Everything today is about how you gather, dissect and consume data. Every business generates large sets of data daily and determining how to analyse data is the key to long term success and sustainability. Data analytics in auditing is a key piece of a company’s audit strategy. The ability to gain insights into the data helps deliver more effective and efficient audits.
In your opinion, how can we look to effectively use data analytics across audit teams at an enterprise level?
In order to be effective, data driven usage by Audit teams should be done in an integrated manner and should not be driven by data scientists or analytical teams. The focus for data analytics should be based on an understanding of the key controls and processes that audit teams are concerned about. To start with, Audit teams should focus on known, repeatable and mature processes with large amounts of available data e.g. journal entries and data reconciliations. Also, Audit teams need to set up controls to make sure that the data being sources is protected and secure and not exposed.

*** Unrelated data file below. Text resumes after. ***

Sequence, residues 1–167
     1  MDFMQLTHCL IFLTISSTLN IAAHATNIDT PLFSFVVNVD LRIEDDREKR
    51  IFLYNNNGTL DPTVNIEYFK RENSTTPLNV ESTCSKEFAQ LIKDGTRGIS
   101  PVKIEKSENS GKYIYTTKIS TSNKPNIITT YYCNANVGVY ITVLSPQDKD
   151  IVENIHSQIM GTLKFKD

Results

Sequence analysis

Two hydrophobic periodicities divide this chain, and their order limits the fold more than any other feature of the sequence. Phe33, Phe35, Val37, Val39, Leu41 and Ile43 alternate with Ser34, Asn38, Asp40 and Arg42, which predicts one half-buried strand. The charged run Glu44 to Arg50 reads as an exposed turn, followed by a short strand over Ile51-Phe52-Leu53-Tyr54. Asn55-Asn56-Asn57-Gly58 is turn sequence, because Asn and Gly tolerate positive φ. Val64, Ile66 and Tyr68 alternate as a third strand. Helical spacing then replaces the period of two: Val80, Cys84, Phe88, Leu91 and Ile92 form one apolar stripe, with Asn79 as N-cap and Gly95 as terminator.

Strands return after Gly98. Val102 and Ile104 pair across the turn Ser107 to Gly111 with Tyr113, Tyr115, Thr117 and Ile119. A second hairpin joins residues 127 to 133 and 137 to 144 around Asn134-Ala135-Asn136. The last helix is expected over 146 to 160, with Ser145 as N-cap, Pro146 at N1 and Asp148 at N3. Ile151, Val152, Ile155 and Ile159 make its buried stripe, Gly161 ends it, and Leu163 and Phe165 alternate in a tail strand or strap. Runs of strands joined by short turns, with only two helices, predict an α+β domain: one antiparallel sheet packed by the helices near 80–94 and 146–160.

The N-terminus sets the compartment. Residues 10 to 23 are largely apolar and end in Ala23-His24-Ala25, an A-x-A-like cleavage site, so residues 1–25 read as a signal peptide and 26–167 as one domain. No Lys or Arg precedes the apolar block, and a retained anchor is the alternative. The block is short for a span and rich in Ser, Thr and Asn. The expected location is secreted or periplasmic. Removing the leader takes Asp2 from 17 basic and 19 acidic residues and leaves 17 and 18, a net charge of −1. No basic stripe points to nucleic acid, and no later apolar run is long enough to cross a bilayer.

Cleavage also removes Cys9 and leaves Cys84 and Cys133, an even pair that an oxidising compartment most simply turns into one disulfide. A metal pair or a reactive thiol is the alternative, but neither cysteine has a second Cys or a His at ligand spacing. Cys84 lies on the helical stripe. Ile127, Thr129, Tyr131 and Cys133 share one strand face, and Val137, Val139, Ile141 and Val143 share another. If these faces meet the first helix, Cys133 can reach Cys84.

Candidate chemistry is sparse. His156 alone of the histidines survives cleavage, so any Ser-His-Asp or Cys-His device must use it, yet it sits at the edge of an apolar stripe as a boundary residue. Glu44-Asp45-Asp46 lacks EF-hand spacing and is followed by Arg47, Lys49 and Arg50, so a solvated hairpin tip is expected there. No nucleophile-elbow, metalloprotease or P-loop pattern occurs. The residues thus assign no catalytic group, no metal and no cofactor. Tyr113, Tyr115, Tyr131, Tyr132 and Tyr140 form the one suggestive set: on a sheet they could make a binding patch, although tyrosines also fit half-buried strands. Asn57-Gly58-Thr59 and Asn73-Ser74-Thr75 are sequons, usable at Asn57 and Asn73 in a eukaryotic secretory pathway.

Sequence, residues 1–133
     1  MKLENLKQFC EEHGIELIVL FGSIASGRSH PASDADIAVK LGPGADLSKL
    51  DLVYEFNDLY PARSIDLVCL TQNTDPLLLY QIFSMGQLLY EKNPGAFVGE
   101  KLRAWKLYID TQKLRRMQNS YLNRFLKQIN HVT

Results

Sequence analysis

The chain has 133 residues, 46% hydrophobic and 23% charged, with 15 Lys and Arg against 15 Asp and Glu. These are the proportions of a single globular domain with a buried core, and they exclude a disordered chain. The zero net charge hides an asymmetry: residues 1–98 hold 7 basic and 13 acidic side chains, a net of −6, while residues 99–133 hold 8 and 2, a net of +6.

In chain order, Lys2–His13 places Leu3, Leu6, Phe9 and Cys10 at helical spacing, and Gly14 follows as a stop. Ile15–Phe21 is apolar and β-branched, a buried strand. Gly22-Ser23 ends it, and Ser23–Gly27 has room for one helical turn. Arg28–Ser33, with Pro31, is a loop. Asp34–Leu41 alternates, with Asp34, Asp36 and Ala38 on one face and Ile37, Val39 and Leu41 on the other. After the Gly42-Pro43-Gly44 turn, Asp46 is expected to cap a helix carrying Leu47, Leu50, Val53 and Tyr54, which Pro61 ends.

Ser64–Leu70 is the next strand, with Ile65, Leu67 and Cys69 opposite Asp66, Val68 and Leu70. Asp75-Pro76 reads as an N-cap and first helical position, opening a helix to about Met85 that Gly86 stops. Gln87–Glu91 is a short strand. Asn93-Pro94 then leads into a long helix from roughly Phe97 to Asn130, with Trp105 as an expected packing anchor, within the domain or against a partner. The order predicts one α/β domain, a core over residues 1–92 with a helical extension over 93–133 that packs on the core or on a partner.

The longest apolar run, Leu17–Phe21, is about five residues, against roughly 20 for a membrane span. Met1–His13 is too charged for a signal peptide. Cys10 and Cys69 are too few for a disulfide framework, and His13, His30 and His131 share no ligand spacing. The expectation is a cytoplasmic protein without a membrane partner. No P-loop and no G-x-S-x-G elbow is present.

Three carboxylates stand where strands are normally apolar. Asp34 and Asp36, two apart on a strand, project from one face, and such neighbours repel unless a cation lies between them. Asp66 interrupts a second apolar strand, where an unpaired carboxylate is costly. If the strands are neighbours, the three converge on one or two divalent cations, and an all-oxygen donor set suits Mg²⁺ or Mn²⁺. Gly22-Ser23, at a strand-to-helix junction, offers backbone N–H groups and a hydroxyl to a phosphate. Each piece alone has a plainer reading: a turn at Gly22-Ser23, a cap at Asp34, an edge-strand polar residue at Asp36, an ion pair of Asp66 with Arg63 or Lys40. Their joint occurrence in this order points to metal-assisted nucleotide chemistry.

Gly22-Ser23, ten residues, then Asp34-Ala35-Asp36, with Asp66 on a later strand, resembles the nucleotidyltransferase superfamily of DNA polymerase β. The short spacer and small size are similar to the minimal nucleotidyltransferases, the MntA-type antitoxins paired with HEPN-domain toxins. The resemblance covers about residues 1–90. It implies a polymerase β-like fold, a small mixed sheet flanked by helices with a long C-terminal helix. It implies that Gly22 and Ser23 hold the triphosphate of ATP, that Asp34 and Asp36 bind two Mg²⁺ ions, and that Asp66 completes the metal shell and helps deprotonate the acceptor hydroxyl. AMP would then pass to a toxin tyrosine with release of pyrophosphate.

In order to be effective, data analytics should not be viewed as something done on the side to support traditional audit testing but it should be the integrated into the overall audit approach and data analytics should be considered as part of the audit objectives/scope decisions.
Effective use to data analytics across audit teams at an enterprise level is a key factor to successful implementation of a data analytics strategy. Insights gained from one audit area/team can assist other audit areas/teams. Often we find ourselves auditing certain processes that are a piece of the end to end process. Leveraging data analytics from audit to audit helps an auditor put together a complete picture.
What are the key considerations that need to be made when monitoring risks using data?